With the exception of a fall on his second triple axel in his free skate, the 20-year-old Kagiyama put together two fantastic programs. He is clearly all the way back from the ankle injury that caused him to miss nearly all of the 2022-23 campaign.

The Beijing Olympic silver medalist, who now has two senior world medals in his trophy case, acknowledged that challenging Malinin will be next to impossible.

"I saw the second half of Ilia's performance," Kagiyama commented before adding, "I don't think I can win against him."

He then said, "I want to improve in every way, in order to catch up with him, [and] I want to get two new programs and also improve my technical [skills]."

Kao Miura (Eric Bolte/USA TODAY SPORTS)

Miura Not Content with Result at Worlds

The 18-year-old Miura, who was eighth, was unhappy following his free skate and already looking toward next season.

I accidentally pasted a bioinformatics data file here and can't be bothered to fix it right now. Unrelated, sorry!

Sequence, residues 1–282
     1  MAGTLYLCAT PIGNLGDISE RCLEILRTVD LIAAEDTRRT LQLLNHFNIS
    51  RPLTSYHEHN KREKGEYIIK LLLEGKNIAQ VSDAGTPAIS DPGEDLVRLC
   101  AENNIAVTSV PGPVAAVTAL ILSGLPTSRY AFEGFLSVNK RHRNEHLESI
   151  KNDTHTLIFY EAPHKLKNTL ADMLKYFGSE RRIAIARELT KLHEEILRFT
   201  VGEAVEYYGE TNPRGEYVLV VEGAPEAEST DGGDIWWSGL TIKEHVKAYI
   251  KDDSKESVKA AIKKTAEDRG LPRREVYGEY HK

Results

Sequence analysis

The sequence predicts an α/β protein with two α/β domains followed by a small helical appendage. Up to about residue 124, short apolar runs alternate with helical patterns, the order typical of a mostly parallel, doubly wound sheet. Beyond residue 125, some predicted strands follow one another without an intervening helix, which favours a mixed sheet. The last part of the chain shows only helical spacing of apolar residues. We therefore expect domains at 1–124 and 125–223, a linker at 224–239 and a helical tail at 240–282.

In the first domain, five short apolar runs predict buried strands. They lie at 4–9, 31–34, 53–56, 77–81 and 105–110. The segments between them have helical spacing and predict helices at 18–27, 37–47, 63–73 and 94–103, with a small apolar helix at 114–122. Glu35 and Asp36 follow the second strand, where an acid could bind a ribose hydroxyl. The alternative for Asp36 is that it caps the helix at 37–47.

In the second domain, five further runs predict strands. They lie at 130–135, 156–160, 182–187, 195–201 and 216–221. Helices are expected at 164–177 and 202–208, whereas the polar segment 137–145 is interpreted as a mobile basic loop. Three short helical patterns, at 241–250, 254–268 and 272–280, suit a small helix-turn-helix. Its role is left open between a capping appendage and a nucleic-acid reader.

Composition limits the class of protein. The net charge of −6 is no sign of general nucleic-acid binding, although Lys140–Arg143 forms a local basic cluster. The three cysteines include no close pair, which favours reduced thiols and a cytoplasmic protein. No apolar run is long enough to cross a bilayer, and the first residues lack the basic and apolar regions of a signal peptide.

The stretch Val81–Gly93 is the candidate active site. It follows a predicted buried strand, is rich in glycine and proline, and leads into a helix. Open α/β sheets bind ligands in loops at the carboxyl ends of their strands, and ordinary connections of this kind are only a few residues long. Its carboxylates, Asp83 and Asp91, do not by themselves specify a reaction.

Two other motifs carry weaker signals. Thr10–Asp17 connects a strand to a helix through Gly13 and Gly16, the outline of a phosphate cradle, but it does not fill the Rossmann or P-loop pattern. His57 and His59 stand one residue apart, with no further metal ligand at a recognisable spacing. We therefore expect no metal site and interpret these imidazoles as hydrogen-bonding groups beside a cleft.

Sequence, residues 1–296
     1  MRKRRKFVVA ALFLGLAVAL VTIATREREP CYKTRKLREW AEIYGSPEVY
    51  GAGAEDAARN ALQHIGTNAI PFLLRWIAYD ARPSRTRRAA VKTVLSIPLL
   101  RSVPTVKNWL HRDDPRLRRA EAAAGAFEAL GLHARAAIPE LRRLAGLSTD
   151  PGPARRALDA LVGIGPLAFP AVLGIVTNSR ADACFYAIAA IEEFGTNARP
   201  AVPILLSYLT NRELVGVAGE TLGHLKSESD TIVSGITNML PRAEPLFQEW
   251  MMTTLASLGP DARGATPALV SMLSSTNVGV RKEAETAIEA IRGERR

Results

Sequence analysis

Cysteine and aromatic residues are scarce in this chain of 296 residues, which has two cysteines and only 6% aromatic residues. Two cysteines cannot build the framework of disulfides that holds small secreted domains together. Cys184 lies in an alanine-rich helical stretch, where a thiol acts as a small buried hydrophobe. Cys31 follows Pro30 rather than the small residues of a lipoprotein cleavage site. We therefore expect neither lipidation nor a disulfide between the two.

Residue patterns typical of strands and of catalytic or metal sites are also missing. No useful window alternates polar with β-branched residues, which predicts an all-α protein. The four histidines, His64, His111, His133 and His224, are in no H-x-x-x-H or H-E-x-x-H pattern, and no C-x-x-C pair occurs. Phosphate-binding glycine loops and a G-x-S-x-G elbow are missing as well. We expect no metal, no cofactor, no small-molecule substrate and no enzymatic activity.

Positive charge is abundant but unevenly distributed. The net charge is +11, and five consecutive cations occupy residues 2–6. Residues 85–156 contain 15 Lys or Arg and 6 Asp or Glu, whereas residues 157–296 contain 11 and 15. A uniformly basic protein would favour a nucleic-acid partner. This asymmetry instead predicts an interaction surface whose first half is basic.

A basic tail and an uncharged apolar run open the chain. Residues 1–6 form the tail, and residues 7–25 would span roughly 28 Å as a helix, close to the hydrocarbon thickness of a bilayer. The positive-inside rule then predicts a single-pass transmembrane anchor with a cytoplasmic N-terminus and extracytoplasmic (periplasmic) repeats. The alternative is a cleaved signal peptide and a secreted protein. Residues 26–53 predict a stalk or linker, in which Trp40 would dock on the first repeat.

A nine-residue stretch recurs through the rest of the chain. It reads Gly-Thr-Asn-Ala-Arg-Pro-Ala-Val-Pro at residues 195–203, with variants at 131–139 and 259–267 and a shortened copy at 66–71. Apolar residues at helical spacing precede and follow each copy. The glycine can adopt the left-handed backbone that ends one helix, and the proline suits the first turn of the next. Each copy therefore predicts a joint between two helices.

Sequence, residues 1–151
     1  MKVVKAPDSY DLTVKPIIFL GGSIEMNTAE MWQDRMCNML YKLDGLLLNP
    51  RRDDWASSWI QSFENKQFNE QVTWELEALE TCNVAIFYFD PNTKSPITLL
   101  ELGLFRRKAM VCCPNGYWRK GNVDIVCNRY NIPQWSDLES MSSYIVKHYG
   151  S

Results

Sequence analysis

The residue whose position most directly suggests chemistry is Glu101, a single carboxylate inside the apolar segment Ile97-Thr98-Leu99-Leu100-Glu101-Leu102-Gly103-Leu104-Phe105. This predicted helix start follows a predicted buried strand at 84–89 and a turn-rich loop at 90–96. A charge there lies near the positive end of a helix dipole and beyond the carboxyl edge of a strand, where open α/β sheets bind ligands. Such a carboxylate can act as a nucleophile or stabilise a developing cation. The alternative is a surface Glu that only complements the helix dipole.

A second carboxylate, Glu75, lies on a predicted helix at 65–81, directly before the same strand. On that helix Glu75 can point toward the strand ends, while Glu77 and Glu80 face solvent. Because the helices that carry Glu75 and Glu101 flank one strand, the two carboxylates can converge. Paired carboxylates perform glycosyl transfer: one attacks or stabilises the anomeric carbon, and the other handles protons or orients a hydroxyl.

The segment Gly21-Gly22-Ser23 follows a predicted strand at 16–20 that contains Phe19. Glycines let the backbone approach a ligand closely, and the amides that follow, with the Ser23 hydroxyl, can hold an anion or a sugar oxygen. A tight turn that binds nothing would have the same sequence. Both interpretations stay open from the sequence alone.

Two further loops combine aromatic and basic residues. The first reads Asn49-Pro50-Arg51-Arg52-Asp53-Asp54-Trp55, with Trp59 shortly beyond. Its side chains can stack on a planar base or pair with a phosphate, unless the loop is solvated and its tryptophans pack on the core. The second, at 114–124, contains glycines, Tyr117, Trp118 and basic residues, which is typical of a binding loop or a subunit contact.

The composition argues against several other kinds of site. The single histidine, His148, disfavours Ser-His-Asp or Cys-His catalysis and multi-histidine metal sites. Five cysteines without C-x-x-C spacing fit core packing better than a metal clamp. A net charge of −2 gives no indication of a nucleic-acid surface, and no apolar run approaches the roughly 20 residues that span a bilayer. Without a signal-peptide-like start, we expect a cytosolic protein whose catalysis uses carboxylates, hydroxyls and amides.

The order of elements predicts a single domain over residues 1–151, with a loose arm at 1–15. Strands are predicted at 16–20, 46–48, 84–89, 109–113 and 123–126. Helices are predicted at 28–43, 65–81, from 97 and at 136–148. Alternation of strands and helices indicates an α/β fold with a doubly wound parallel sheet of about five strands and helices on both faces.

"Although I had planned to start the performance with a successful quad loop, I fell during the attempt, which affected the rest of my routine," Miura noted. "It was surprising because I had been successfully landing it in practice."

Added Miura, "I couldn't deliver the performance I had in mind. Despite this being my first world championships, I understand the need to practice hard and aim to win in the next season, especially with the Olympics approaching."

At the 2023 World Junior Championships in Calgary, Canada, where Miura won by a huge margin, he told Ice Time that his goal was to win the gold medal at the 2026 Winter Games. Based on Malinin's ascension and youth, I think Miura likely has the best chance to challenge him in the long term.